4. Kim Thompson says:

    Format, content, and presentation are all being conflated here. The term “graphic novel” has always been blurry around the edges, but it’s generally taken to mean a work created to be a singular book-length piece of fiction or non-fiction in comics form — and even though it’s not explicitly stated, “for adults” (or at least “not specifically for children”) has always been implied. (There are obviously plenty of comics for adults pre-1970s, including a big stack of American undergrounds, any number of satirical French comics, etc…) Lynd Ward’s oeuvre and Kurtzman’s JUNGLE BOOK are clear precursors, as Jesse says (to say nothing of Milt Gross), and make nonsense of the lazy claim (not one Eisner himself ever made, I believe) that A CONTRACT WITH GOD was in any way the “first graphic novel.”

    If you’re going to be picky about Ward’s and Gross’s work being wordless and Kurtzman’s JUNGLE BOOK being a suite of short stories (although that would also eliminate CONTRACT), a case could certainly be made for Guy Peellaert’s THE ADVENTURES OF JODELLE (published by Eric Losfeld in 1966!), which was a non-serial, long-form, adult-oriented single work released initially as a hardcover book (BARBARELLA, whose Losfeld book edition preceded JODELLE by a couple of years — and in fact was a major inspiration for JODELLE — was a compiled serial). Because it has been out of print for so long (although that will soon change) and because Peellaert’s stay in comics was so brief, JODELLE has been somewhat forgotten, but it’s a huge touchstone for any number of French graphic novelists — including Jacques Tardi, who cited it in the interview that I did with him for this year’s COMICS JOURNAL.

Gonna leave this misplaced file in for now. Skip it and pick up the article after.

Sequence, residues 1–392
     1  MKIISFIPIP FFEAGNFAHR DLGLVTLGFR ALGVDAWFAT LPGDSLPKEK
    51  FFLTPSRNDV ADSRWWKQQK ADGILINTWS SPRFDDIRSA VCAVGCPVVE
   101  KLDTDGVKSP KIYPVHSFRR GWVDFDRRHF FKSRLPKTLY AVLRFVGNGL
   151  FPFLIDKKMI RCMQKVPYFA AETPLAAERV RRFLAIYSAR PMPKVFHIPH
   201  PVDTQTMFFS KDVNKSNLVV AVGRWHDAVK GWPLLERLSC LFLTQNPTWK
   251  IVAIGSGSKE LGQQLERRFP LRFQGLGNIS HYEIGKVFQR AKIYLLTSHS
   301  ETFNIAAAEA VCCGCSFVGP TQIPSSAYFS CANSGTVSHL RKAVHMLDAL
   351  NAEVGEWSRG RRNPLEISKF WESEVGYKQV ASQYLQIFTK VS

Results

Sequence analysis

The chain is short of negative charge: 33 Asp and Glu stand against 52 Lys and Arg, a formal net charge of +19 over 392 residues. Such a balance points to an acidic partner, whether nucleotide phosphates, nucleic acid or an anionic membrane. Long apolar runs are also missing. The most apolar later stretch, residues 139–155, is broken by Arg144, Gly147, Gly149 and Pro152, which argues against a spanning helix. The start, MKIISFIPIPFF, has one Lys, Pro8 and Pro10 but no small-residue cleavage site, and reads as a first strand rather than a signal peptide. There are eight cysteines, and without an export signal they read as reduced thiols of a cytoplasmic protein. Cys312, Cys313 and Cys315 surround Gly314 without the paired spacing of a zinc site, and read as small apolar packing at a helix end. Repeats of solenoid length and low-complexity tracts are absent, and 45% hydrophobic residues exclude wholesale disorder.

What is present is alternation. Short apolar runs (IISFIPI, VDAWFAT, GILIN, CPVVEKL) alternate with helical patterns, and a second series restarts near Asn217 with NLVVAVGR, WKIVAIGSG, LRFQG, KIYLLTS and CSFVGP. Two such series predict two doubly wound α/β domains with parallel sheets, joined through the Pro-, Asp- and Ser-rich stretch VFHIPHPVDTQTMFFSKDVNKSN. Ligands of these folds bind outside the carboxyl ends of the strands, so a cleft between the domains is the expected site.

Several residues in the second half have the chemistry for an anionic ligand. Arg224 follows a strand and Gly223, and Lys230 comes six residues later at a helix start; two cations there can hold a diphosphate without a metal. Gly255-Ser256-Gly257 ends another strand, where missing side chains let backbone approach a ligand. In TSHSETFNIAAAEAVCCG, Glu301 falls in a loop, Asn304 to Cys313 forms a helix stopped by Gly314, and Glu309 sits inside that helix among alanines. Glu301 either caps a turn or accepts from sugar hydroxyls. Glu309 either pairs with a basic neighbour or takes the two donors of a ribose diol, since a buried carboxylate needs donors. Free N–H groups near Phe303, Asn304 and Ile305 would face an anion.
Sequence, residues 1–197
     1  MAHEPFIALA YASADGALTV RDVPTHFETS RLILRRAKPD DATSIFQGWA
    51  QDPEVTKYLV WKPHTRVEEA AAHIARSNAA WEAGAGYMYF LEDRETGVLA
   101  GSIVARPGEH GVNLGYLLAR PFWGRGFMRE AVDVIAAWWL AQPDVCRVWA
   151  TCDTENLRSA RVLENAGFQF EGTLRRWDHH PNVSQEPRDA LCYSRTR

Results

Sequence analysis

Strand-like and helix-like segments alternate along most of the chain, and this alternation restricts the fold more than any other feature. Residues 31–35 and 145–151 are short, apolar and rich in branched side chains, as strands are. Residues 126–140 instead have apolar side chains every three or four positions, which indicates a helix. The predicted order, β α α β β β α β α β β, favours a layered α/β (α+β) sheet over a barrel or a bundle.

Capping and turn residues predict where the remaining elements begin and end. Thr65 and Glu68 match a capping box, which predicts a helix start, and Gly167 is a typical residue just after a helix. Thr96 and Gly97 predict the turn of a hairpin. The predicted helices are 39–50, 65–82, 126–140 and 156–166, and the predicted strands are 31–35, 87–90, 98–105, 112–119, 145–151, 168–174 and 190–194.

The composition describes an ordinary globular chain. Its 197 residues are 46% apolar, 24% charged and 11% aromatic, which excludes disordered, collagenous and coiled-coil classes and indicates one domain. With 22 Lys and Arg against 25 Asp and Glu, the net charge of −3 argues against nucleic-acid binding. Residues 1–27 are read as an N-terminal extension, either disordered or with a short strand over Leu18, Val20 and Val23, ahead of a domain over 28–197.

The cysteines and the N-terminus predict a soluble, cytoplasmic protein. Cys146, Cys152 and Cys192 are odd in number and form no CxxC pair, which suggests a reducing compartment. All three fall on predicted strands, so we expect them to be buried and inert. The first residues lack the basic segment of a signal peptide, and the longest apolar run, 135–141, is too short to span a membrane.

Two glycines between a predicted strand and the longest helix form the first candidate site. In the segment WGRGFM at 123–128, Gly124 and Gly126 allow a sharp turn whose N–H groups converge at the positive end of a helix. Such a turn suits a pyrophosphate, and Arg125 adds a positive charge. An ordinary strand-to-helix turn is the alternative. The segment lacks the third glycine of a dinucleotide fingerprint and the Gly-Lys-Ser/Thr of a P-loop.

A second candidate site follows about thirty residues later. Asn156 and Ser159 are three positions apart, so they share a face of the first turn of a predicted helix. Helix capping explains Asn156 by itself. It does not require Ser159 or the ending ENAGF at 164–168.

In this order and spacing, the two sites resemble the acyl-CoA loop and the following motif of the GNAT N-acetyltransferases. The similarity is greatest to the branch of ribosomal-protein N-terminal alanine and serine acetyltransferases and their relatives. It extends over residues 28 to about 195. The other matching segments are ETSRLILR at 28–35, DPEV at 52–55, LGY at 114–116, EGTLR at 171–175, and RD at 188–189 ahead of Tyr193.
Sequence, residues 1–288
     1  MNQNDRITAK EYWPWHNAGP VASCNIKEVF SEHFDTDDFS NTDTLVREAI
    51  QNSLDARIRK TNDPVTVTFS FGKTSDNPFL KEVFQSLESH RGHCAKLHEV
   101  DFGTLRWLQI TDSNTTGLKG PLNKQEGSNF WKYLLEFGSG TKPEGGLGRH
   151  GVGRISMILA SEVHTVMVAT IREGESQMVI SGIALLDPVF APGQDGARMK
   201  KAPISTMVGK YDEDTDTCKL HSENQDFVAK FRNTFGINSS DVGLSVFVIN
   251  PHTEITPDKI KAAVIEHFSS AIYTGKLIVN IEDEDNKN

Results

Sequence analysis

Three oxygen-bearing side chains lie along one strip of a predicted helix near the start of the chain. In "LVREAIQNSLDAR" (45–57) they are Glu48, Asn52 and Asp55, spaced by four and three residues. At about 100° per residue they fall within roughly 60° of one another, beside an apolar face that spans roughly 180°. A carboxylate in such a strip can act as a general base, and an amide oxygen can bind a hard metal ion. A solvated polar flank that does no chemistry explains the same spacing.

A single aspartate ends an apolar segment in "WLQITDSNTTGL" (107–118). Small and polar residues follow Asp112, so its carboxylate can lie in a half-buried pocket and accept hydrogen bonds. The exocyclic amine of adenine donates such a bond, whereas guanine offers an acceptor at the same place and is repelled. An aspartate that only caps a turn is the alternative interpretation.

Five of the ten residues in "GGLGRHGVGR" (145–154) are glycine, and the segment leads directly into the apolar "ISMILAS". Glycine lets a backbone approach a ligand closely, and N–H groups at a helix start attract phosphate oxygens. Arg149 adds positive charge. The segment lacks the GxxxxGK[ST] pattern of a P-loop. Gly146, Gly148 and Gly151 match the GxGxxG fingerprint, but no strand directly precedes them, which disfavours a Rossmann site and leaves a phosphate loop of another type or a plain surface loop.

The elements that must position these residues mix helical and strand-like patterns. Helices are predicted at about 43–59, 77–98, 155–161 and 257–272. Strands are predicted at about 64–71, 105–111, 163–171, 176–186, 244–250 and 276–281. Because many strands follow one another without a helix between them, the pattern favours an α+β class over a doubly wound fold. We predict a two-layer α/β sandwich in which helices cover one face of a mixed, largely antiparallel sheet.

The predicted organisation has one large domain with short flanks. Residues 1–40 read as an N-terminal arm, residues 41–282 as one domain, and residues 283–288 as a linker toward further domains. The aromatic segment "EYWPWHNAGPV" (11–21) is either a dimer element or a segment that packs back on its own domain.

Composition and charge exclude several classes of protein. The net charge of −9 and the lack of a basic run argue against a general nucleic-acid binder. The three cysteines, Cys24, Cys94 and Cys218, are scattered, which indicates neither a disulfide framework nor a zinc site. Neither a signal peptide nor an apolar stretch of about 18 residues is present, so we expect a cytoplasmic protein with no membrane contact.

So…. Ward, Gross, Kurtzman, Peellaert, Eisner seems like a reasonable partial list of parents. (Like Freddy Krueger, the graphic novel is the bastard son of a hundred maniacs.) It would have been interesting if Bernard Krigstein had found a taker for his proposed adaptation of THE RED BADGE OF COURAGE. Or if Kurtzman’s JUNGLE BOOK had been such a huge success that Kurtzman could have continued in that vein (with or without Will Elder). Or if there had been an American equivalent to Losfeld who in 1964 had called up Robert Crumb and asked him if he had anything book-length and Crumb had said, “Well, there’s this YUM YUM thing I just finished…”; he might have snuck in even ahead of Peellaert (although he still beat CONTRACT by a couple of years when YUM YUM was finally published in the mid-1970s).

  5. Jack says:

    You know, that conference is happening at the same time the NATO summit, a planned storm of protests, and a likely overreaction by Rahm Emmanuel are coming to Chicago. I’m kind of tempted to take off work and go.

  6. Nate C. says:

    What about “Lust in the Dust” by Arnold Drake? Wasn’t that even earlier?

  7. Dan Nadel says: